The delivery of the banknotes to Argentina was staggered in batches sent between February and October of last year. One source said that the contract is expected to be renewed once again, but the lack of payment for part of the service has been a stumbling block in the negotiations.
Public financial statements from the Brazilian Mint show an increase in the receivables from Argentina over 2022 through the third quarter, which is the latest data available.
The documents indicate that the amount receivable from the Argentine Mint increased by $4.2 million reais in the first quarter of 2022, which ended in March. In the second quarter, the amount was 18.9 million reais. And in the third quarter, the amount was 36.3 million reais.
The financial statements do not inform how much of this 36.3 million reais was in arrears. Until September, the state-owned company indicated it had 11.5 million reais in estimated losses from accounts with, as the balance of accounts overdue for more than 180 days is considered by the company as a probable loss.
The Brazilian Mint did not respond to Bloomberg Línea’s requests for clarification of the amounts.
Financial statements for the fourth quarter of 2022 have not yet been published by the company, which in Brazil is responsible for the production of coins, cash, passports, stamps, and medals, among other services.
Lack of dollars and hyperinflation
Argentina is facing an inflationary crisis, with price hikes that reached 98.8% in 12 months to January. In addition, a chronic problem of foreign currency shortages has the country’s government taking measures to discourage the outflow of dollars.
When the first money-printing contract with Argentina was signed in 2020, the official dollar rate was 74.57 pesos. On February 27, the value had fallen to 196.61 pesos, with the parallel quotation (the ‘blue’ dollar) reaching 373 pesos per US dollar.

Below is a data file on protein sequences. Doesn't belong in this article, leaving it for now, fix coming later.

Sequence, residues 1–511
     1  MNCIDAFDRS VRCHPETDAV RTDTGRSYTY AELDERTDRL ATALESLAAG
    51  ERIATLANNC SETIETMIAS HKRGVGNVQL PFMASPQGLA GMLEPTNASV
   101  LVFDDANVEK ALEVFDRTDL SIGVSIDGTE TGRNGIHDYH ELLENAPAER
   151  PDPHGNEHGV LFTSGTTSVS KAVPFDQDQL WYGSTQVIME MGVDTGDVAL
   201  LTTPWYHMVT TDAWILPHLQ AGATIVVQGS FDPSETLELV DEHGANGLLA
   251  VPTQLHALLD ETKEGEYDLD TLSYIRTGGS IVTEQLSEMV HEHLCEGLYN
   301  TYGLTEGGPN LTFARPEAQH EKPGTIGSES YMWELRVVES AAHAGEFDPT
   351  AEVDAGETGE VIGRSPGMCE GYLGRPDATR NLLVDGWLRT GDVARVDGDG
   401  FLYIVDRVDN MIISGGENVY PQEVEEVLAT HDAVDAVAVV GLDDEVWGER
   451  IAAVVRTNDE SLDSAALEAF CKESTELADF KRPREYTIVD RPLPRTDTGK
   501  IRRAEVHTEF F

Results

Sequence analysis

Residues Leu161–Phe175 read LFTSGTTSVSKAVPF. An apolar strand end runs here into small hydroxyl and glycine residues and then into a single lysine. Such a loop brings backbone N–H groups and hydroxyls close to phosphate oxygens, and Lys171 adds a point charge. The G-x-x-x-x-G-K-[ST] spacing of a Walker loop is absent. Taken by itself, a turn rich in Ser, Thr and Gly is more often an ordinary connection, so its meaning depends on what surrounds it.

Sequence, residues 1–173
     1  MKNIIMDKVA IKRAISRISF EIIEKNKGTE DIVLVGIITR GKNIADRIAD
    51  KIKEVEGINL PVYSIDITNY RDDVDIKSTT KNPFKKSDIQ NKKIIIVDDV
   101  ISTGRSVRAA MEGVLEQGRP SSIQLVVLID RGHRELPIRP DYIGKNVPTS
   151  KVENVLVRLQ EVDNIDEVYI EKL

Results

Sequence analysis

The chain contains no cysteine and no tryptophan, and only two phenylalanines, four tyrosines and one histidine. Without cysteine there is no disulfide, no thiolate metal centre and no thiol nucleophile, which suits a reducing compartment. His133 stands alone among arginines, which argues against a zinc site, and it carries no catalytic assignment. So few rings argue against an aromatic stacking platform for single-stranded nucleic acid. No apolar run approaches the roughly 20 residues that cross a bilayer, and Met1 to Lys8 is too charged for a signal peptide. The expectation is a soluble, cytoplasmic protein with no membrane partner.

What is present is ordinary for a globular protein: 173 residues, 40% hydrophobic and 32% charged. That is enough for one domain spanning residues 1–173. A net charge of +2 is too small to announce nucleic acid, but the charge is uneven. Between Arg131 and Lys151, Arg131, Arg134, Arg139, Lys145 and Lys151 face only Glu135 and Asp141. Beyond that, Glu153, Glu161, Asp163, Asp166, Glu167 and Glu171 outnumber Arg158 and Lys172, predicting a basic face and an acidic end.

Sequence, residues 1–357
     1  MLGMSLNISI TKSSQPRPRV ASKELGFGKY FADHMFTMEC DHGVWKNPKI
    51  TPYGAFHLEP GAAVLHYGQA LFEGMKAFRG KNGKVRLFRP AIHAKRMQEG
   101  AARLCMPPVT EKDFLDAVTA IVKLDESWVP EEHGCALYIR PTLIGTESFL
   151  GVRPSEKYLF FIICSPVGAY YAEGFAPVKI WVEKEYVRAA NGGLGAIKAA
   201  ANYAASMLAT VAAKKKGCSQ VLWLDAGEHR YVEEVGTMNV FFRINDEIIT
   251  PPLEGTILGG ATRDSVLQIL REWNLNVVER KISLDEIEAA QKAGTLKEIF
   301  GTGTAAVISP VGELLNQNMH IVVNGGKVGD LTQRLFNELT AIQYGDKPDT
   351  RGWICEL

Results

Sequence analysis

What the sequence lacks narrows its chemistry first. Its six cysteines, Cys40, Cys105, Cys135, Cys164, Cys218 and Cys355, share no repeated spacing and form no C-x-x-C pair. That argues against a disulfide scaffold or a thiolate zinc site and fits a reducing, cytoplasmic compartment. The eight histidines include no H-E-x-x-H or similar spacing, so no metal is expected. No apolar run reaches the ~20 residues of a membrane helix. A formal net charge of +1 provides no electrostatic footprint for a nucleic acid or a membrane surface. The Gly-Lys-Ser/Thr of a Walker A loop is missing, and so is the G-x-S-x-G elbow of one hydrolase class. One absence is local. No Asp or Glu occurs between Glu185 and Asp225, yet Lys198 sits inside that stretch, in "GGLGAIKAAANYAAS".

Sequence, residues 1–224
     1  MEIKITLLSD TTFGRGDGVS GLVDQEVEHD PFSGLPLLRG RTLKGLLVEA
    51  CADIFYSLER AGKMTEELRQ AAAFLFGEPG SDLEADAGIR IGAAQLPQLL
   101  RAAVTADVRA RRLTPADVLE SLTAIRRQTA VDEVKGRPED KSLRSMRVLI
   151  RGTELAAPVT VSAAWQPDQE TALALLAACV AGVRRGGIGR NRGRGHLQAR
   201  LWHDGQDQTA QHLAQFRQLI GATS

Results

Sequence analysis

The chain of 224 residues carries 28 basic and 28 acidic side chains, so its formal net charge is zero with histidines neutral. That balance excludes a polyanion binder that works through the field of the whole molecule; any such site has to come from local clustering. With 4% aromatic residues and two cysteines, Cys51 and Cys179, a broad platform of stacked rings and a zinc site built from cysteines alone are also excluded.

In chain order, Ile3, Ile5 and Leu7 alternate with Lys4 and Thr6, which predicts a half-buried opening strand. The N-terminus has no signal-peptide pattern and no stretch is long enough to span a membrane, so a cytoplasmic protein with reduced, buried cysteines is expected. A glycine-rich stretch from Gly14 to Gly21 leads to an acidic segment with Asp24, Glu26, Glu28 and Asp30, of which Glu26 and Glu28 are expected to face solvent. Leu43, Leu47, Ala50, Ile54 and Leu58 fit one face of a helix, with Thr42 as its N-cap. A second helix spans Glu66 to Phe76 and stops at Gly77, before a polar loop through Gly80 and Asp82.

The Brazilian Mint, founded in 1694, was one of the state-owned companies included in the National Privatization Program (PND) during President Jair Bolsonaro’s government. At the end of 2021, however, the government decided to remove the company from the list after a review.
The company recorded a net profit of 30.2 million reais ($5.8 million) in 2021, partly due to revenues from the Argentina deal. Before that, the state-owned company had had consecutive annual losses since 2016.
What does the Argentine Mint say?
“From the new management of the Casa de Moneda Argentina [CMA], reviews and analysis began to reveal the economic and financial situation of the institution. The reality inherited from the former president [of the Mint] Rodolfo Gabrielli is worrisome,” the Mint said in a statement.
“We took over with an annual operating deficit of more than 11.5 billion pesos and a debt, which is being audited, with foreign suppliers of more than $150 million. Therefore, as a fundamental step for this new stage, we renegotiated with them the debts for 2022 and the advances for 2023, paying everything in installments up to and including June,” the statement added.
The mint said it has carried out a cost-cutting exercise.
“Thirteen directorates have been reduced in size and numerous expenses that led to this ruinous situation at the CMA have been eliminated. Management, order and transparency are the pillars on which Economy Minister Sergio Massa, entrusted us to work in this change of government and we have been doing so since day one.”